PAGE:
Publication Date: April 5, 2000
NEW YORK, NY—Most Americans believe men should take more than two weeks paternity leave after the birth or adoption of a child and would vote for a candidate that supported extending the Family and Medical Leave Act (FMLA) to include paid leave, according to the latest Oxygen/Markle Pulse poll. However, American women are split over Cherie Blair’s belief that her husband, British Prime Minister Tony Blair, should take paternity leave when she gives birth to their fourth child in May, and a majority of women say they would not support an American President who wanted to take more than two weeks paternity leave. The findings were announced by Cheryl Mills, Oxygen Media’s Senior Vice President Corporate Policy and Public Programming.
The Oxygen/Markle Pulse, created by the Markle Foundation and Oxygen Media to enhance the influence of the audience over the creation of content, is an ongoing research initiative to create a comprehensive and in-depth source of publicly available information about, and for, women.
The latest Oxygen/Markle Pulse poll also found that men and women would like new fathers to take a little over three weeks off after the birth or adoption of a child. However, very few Americans know any men who have actually taken that much time off. On average, according to the Pulse poll findings, men report having taken less than one week of paternity leave.
Cheryl Mills said, “The discussion over whether Tony Blair should take paternity leave has pushed the issue of family friendly policies to the forefront, both in Britain and in the U.S. The Oxygen/Markle Pulse is a great tool for us to quickly gauge what women a re thinking about this important issue and the way it affects their lives.”
Findings in the Oxygen/Markle Pulse poll include:
- Most Americans (72% of women and 63% of men) think it is important for men to take more than 2 weeks off after the birth or adoption of a child.
- These economic concerns are reflected in support for changes to the Family and Medical Leave Act.
- 48% of men and 54% of women say that they would be more likely to vote for a candidate that supported changing the FMLA so that businesses provided 4 weeks of paid leave and up to 8 weeks of unpaid leave.
- American women are split over Cherie Blair’s belief that her husband, British Prime Minister Tony Blair, take paternity leave when she gives birth to their fourth child in late May.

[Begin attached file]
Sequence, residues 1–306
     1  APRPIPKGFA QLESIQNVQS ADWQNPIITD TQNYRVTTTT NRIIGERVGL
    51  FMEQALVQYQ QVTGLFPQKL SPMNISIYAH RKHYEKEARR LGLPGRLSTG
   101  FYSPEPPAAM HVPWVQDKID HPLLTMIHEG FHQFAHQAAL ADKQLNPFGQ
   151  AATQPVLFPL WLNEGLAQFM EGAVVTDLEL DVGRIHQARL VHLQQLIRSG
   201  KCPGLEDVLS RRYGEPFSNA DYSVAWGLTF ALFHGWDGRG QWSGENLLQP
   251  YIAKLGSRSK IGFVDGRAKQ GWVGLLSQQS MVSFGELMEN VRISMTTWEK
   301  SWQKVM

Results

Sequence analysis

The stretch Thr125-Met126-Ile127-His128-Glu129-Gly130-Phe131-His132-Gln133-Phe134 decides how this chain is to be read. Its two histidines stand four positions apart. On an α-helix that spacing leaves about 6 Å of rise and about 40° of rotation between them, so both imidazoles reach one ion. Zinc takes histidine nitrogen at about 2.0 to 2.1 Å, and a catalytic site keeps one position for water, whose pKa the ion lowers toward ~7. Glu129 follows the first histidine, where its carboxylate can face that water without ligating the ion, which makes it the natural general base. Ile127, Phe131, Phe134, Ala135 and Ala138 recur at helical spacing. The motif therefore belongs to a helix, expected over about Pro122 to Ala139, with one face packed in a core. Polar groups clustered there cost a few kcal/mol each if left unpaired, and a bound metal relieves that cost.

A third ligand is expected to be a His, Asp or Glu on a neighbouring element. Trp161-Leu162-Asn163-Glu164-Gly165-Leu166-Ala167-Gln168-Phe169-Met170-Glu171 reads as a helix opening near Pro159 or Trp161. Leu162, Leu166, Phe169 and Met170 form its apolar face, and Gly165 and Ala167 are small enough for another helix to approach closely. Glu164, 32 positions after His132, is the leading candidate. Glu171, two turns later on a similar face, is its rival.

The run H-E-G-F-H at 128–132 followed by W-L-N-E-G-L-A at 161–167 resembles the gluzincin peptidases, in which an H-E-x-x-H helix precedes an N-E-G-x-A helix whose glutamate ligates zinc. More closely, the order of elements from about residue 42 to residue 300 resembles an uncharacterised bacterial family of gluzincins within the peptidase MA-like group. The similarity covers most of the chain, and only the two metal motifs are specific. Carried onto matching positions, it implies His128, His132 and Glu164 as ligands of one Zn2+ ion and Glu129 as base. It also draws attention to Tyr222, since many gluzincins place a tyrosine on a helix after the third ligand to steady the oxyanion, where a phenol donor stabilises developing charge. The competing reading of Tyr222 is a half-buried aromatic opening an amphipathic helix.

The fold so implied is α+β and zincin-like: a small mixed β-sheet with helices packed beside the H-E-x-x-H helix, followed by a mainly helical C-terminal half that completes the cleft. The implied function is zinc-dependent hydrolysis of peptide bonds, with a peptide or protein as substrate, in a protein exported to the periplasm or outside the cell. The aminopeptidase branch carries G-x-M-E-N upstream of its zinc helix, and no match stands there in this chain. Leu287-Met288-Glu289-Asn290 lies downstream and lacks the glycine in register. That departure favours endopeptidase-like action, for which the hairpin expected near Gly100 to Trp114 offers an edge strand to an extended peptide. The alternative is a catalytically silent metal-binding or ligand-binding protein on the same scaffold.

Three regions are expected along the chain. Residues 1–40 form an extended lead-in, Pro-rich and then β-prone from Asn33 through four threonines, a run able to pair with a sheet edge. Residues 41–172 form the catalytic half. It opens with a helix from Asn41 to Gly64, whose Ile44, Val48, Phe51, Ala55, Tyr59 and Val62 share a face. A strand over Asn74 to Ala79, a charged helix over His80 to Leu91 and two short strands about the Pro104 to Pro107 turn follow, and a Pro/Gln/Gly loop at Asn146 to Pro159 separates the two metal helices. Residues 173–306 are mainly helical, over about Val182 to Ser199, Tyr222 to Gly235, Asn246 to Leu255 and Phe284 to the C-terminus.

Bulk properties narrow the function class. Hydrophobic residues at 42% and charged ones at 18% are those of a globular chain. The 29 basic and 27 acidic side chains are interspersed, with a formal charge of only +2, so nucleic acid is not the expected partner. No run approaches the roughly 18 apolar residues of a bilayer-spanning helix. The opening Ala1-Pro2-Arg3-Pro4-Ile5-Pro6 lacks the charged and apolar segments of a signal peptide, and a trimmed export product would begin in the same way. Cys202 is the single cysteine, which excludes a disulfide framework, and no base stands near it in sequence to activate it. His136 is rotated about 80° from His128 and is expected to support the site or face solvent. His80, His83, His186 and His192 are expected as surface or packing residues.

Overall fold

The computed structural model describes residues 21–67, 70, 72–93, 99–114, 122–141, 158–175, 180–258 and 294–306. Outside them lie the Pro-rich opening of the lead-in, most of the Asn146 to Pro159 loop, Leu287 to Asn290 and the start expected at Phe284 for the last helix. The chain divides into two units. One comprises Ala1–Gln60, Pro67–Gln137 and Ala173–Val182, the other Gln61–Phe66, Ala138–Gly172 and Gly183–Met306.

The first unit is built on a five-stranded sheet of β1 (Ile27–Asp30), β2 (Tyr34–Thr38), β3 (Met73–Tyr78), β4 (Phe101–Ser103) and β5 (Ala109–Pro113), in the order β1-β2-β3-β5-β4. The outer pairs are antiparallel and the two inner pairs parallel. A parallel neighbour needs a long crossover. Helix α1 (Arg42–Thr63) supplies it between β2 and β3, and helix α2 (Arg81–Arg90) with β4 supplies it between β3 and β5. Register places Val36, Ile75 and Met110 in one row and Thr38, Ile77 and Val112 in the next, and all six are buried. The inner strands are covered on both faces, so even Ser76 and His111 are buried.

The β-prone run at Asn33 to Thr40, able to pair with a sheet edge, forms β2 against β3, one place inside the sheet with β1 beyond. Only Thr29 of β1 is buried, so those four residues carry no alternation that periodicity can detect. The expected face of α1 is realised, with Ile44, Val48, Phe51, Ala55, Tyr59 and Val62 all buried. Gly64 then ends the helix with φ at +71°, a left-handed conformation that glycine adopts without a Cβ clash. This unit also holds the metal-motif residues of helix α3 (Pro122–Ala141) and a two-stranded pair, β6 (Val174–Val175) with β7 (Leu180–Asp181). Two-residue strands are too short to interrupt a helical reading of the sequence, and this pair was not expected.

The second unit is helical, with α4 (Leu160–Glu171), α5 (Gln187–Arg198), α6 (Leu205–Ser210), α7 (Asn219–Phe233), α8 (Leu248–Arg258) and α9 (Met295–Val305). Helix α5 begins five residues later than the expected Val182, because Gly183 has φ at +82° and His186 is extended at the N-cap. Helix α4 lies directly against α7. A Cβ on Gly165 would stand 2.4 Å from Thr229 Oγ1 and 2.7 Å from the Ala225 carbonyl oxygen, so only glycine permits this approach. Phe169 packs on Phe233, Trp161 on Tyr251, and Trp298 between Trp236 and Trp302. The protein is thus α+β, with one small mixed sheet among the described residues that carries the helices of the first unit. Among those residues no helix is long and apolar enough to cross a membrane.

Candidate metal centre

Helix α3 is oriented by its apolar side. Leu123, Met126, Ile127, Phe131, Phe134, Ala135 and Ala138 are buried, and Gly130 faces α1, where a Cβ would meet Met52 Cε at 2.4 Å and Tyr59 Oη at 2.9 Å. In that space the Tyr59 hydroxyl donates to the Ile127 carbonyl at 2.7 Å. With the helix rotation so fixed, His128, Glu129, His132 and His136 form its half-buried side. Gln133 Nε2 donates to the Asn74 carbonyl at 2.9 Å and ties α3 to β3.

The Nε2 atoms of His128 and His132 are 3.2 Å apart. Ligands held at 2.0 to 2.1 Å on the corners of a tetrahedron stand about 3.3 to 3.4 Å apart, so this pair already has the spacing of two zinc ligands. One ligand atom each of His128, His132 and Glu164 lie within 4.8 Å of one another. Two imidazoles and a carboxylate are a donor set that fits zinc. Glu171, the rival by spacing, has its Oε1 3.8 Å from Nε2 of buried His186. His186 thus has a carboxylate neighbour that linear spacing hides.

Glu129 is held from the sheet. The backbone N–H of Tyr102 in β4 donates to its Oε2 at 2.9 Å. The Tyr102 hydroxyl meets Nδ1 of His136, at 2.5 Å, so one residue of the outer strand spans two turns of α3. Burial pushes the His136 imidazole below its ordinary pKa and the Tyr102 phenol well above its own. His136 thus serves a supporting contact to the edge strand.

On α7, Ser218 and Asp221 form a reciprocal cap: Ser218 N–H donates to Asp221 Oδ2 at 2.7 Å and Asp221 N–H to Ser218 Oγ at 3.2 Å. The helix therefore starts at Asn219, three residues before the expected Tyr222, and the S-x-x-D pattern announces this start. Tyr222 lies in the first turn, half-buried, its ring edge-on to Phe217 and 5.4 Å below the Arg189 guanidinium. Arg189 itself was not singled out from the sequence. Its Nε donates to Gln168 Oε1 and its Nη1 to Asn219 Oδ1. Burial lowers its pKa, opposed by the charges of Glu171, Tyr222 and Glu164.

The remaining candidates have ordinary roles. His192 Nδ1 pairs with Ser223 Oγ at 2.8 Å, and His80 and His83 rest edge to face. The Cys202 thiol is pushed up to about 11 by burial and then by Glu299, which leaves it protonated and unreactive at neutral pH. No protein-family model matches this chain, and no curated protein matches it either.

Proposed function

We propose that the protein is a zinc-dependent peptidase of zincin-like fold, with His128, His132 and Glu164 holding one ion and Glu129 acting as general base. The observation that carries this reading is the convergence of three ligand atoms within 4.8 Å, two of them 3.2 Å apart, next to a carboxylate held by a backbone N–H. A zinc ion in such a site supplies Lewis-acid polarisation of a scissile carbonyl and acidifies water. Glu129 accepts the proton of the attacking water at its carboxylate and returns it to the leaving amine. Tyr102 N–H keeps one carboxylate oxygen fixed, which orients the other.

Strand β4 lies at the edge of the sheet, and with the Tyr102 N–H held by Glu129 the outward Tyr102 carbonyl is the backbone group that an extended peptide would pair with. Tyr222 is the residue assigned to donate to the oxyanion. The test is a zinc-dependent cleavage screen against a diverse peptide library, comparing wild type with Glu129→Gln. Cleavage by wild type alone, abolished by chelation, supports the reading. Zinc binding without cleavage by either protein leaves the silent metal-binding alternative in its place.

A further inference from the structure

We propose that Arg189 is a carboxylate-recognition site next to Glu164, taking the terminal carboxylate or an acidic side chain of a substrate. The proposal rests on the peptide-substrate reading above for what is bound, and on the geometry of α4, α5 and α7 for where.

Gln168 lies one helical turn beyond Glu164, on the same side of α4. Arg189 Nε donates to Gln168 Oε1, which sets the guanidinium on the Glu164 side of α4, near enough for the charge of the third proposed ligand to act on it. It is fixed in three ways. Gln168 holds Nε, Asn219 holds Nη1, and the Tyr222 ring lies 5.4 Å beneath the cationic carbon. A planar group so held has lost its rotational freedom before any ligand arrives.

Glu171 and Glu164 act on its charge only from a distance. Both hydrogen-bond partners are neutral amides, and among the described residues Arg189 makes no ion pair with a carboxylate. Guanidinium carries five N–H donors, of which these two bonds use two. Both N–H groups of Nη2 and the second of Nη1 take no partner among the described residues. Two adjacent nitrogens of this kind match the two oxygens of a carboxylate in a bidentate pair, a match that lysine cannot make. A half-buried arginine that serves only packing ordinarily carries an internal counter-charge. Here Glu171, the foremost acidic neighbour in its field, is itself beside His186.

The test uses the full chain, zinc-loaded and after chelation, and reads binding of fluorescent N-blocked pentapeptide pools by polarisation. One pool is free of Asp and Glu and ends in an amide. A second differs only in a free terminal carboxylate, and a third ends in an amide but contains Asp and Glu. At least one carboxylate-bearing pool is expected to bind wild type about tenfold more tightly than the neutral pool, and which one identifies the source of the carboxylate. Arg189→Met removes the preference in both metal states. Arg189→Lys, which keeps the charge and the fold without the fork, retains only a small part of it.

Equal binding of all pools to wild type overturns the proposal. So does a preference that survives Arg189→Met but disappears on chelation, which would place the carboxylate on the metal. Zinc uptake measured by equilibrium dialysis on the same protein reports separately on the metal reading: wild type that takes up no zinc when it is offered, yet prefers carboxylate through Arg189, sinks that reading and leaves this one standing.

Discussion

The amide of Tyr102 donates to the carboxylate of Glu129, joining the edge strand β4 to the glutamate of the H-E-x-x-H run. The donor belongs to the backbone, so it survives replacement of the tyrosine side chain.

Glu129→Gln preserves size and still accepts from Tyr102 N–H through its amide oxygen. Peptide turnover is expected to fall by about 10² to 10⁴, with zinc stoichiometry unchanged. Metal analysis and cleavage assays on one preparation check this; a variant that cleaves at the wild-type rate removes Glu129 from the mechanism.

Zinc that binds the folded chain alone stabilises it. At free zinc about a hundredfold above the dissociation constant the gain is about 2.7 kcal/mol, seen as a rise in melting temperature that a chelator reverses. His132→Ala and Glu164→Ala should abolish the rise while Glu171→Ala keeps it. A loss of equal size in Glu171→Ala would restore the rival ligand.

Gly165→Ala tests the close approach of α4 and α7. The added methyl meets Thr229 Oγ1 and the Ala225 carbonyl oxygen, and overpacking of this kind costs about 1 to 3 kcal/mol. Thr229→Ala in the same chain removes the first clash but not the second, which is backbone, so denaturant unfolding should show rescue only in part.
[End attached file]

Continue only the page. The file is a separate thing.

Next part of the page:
- 53% of American women think that Tony Blair should take more than 2 weeks off from work when their baby is born.
- However, American women would be less likely to support an American President if he were in the same position, with 45% saying that the President should take paternity leave of more than 2 weeks.
- On average, men report having taken less than one week of paternity leave, and few Americans know any man who has taken more than two weeks off.
- 71% of Americans don’t know any male friends or family members who have actually taken more than 2 weeks off.
- 68% of Americans don’t know any male colleagues or co-workers who have done so.
- Men say the main reasons they don’t take paternity leave are not that they don’t value their roles as fathers or that workplace issues get in the way.
- 48% of men agree that “Men who take paternity leave care more about being a good father”
- 46% of men agree that “It’s just as important for men to take paternity leave from their jobs as it is for women to take maternity leave from their jobs.”
- 81% of men disagree that the lack of interest in raising children is the main reason for not taking paternity leave.
- Only 15% of men agree that “Men who take paternity leave don’t take their jobs as seriously as other men.”
- Only 23% of men agree that taking paternity leave “has a negative impact on their careers.”
- Only 32% of men agree that “When men take paternity leave they are viewed negatively by their colleagues.”
- The most significant barrier for most men who want to take paternity leave is the loss of income.
- 76% of men and 72% of women agree that “The main reason men don’t take paternity leave is that they can’t afford the loss of income.”
Penn, Schoen and Berland Associates conducted a nationally representative telephone survey of 511 adults on April 3, 2000. The margin of error for the entire sample is +/- 4.4% at the 95% confidence level, and is higher for subgroups.
About the Oxygen/Markle Pulse
The Oxygen/Markle Pulse seeks to learn what women think and believe and to give voice to these findings through the media. The Pulse will comprehensively track and measure women’s opinions, attitudes, needs and values. The Pulse seeks to engage women in a dialogue to help shape the direction of the Pulse research and the Oxygen/Markle Pulse’s findings will inform and add depth to Oxygen’s online and television programming. Oxygen will create programming that is responsive to the findings uncovered through the research conducted by the Oxygen/Markle Pulse.
In this national election year, the first phase of the Oxygen/Markle Pulse’s research will spotlight women’s political and civic participation, women’s attitudes about political and social issues, and women’s leadership. It will cover the ways ethics, values, religion and spirituality relate to women’s political engagement. Over the course of the year, the Oxygen/Markle Pulse will introduce new areas of study including: life balance, career/work, health and well-being, relationships, sexuality, education, technology, and the media. In addition, the Pulse site contains message boards, online surveys and links to relevant organizations as well as other Oxygen sites.
About Penn, Schoen & Berland
Penn, Schoen & Berland has been conducting strategic research for more than two decades on behalf of political candidates and Fortune 500 companies.